The Purity of One’s Heart Brings About
Perseverance, Detachment, and Humbleness
Carlos Cardoso Aveline
* There is no need to say “Amen” to the numerous forms of ethical decay that surround us. Not at all. It is better to say “Amen” to the noblest part of our own conscience, and identify and abandon all the mechanisms of socially organized idiocy, the established consensus of the absence of ethics, and other jewels of technocentric modernity.
* Selfishness is a passing nightmare. Humanity is invisibly guided by fraternal feelings, and right now all of us are immersed in the law of mutual help. There is no power stronger than the power of selfless goodwill.
* What is the result of getting attached to personal gratification on the physical plane and on the realm of feelings? The desire to feel surrounded by this and that particular form of comfort softens one’s will. It dissipates internal strength and makes one a slave of bad habits.
* Physical and emotional discomfort teach us detachment. They strengthen one’s will, dispel illusions, increase one’s realism and allow us to walk the path of truth. The blessing is inward, the wounds are outward.
* Victory is not for those who love comfort above all else, for victory requires sacrifice. Eternal wisdom is beyond the reach of those who prefer to live in indulgence. Through the practice of austerity, an indispensable magnetic force is gathered.
* The bliss of the spiritual soul does not depend on personal victory or defeat. Regardless of circumstances, the truth-seeker remains in direct contact with his inner self, whose substance is peace and contentment. He is happy to be humble.
Brotherly Advice to William Judge
* In 1879, when William Judge needed friendly advice, Damodar Mavalankar – who assisted Helena Blavatsky in many ways – wrote in a letter to him:
* “I’m very sorry to hear you write so disparagingly to Madam Blavatsky about your feelings and the state of your mind. Is it not surprising to see that a man like you after having made some progress in the study of Theosophy should despair at the very moment he is about to enter the very threshold of true knowledge? It seems to my mind ridiculously strange that a very thirsty man should be in quest of water and that when he has found it he should instead of drinking it, turn his back against it and fly from the only place where he can quench his thirst.” [1]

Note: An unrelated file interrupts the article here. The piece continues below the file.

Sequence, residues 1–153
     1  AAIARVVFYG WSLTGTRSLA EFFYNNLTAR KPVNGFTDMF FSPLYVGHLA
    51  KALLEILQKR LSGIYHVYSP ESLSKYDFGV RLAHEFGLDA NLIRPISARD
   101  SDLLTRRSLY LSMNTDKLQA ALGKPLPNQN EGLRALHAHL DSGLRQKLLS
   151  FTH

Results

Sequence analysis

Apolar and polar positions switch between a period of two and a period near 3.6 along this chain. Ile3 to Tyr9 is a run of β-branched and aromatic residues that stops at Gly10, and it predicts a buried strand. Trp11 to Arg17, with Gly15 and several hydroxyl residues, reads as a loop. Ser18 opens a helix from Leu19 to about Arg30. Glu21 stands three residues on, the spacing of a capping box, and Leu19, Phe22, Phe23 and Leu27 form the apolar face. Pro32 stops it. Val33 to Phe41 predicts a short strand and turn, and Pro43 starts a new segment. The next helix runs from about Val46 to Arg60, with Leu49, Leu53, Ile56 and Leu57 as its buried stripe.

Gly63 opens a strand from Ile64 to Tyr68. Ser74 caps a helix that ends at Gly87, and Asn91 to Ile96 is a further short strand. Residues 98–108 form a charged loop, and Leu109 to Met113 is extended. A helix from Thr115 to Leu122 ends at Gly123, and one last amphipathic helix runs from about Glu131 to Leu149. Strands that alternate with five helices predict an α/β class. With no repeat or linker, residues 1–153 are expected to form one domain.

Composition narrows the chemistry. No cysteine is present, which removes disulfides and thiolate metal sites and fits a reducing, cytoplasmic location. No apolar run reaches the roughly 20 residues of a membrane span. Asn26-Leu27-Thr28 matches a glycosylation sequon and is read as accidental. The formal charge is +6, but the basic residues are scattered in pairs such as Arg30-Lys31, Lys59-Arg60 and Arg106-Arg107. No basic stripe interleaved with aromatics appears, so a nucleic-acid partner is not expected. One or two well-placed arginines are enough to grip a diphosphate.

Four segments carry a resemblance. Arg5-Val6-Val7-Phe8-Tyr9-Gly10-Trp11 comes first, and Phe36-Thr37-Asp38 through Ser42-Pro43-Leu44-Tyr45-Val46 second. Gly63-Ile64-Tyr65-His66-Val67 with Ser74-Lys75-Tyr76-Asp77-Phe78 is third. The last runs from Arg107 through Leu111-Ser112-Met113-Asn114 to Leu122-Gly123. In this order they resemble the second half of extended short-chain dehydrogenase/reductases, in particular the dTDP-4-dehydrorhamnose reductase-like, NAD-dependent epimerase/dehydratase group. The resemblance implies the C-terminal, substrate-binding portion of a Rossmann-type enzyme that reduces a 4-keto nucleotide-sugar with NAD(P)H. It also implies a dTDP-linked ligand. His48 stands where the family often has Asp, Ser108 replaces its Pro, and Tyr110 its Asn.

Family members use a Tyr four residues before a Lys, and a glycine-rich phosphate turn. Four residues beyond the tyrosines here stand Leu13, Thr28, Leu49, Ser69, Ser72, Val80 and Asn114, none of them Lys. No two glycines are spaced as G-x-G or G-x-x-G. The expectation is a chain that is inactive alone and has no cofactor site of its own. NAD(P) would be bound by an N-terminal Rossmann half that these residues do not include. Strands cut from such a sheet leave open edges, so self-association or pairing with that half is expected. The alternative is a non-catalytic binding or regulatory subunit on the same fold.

* Near the end of the letter, Damodar adds: “Do not therefore despair but go on with confidence, and success is at hand.”
* William Judge was 28 years old.  Damodar Mavalankar was 22. It is said in mystical traditions that purity of mind and heart brings about humbleness, detachment, contentment – and perseverance. 
The Theosophical Chessboard
* W. Q. Judge wrote: “The plain unvarnished truth, which hurts no one save the man who denies it, is that H. P. Blavatsky was the head, front, bottom, top, outskirts, past and future of the Theosophical Society. We were all but pawns on the chessboard. What is the use of permitting vanity to influence us toward denying the facts?” [2]
The Decision to Improve Oneself
* Can a pilgrim effectively train himself?  In his “Dictionnaire de la Volonté”, French author Jean des Vignes Rouges gives us this advice:
* “Make the decision (…) that in all circumstances of your life you will endeavor to consider as an essential duty the obligation to become stronger, more active, more self-controlled, more devoted to others, more noble, more intelligent, more virtuous, in order to ensure the integral expansion of your being. This will result in a sense of personal dignity. You will be aware of being a person, that is to say, an individual endowed with well-defined original qualities, towards whom you have duties.”
* Jean des Vignes Rouges goes on:
* “This feeling of your dignity, cultivate it in every way. Tell yourself once and again that you are perfectible. Think about your privileges as a human being. An animal can only indefinitely repeat those acts that are necessary for its preservation; you, on the other hand, are capable of inventing new forms of behavior; a sacred anxiety torments you and pushes you towards a grand destiny. There is within you, in your soul, deep within yourself, a mysterious intuition which you must obey in order not to lose your life.” [3]
* The same principle is taught by the Masters of the Wisdom. In one of his letters, while giving advice to a Western student, an Eastern Mahatma reproduces these verses from Tennyson:
“Self-reverence, self-knowledge, self-control,
These three alone lead life to sovereign power.” [4]
* Self-reverence, here, is an impersonal attitude of respect towards one’s higher self or spiritual soul.  
[1] “Damodar and the Pioneers of the Theosophical Movement”, compiled and annotated by Sven Eek, TPH, India, second printing, 1978, copyright 1965, 720 pp., see p. 25.
[2] These words are quoted with due bibliographical sources in the article The Main Founder of the Movement”.
[3] From “Dictionnaire de la Volonté”, by Jean des Vignes Rouges, Éditions J. Oliven, Paris, 320 pp., 1945, see pp. 166-167.
The article “Thoughts Along the Road – 72” was published as an independent item in the associated websites on 22 September 2023. An initial version of it is part of the July 2021 edition of “The Aquarian Theosophist”, pp.  15-16.
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* Other writings of Carlos Cardoso Aveline.
Helena Blavatsky (photo) wrote these words: “Deserve, then desire”.